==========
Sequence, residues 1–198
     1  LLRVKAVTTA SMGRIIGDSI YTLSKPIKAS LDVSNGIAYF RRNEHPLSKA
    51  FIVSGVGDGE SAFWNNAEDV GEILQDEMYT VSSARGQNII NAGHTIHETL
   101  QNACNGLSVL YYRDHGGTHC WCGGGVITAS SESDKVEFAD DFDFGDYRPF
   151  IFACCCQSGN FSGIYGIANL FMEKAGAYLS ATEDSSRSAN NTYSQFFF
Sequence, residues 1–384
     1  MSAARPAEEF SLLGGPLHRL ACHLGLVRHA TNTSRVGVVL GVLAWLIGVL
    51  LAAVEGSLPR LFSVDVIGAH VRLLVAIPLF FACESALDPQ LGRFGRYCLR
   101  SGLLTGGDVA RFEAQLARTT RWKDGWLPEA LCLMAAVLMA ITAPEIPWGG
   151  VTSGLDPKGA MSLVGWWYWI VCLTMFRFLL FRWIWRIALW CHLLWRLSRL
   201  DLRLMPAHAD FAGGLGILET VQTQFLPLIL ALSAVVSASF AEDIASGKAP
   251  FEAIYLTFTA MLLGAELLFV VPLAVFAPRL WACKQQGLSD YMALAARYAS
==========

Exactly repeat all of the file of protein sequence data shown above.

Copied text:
Sequence, residues 1–198
     1  LLRVKAVTTA SMGRIIGDSI YTLSKPIKAS LDVSNGIAYF RRNEHPLSKA
    51  FIVSGVGDGE SAFWNNAEDV GEILQDEMYT VSSARGQNII NAGHTIHETL
   101  QNACNGLSVL YYRDHGGTHC WCGGGVITAS SESDKVEFAD DFDFGDYRPF
   151  IFACCCQSGN FSGIYGIANL FMEKAGAYLS ATEDSSRSAN NTYSQFFF
Sequence, residues 1–384
     1  MSAARPAEEF SLLGGPLHRL ACHLGLVRHA TNTSRVGVVL GVLAWLIGVL
    51  LAAVEGSLPR LFSVDVIGAH VRLLVAIPLF FACESALDPQ LGRFGRYCLR
   101  SGLLTGGDVA RFEAQLARTT RWKDGWLPEA LCLMAAVLMA ITAPEIPWGG
   151  VTSGLDPKGA MSLVGWWYWI VCLTMFRFLL FRWIWRIALW CHLLWRLSRL
   201  DLRLMPAHAD FAGGLGILET VQTQFLPLIL ALSAVVSASF AEDIASGKAP
   251  FEAIYLTFTA MLLGAELLFV VPLAVFAPRL WACKQQGLSD YMALAARYAS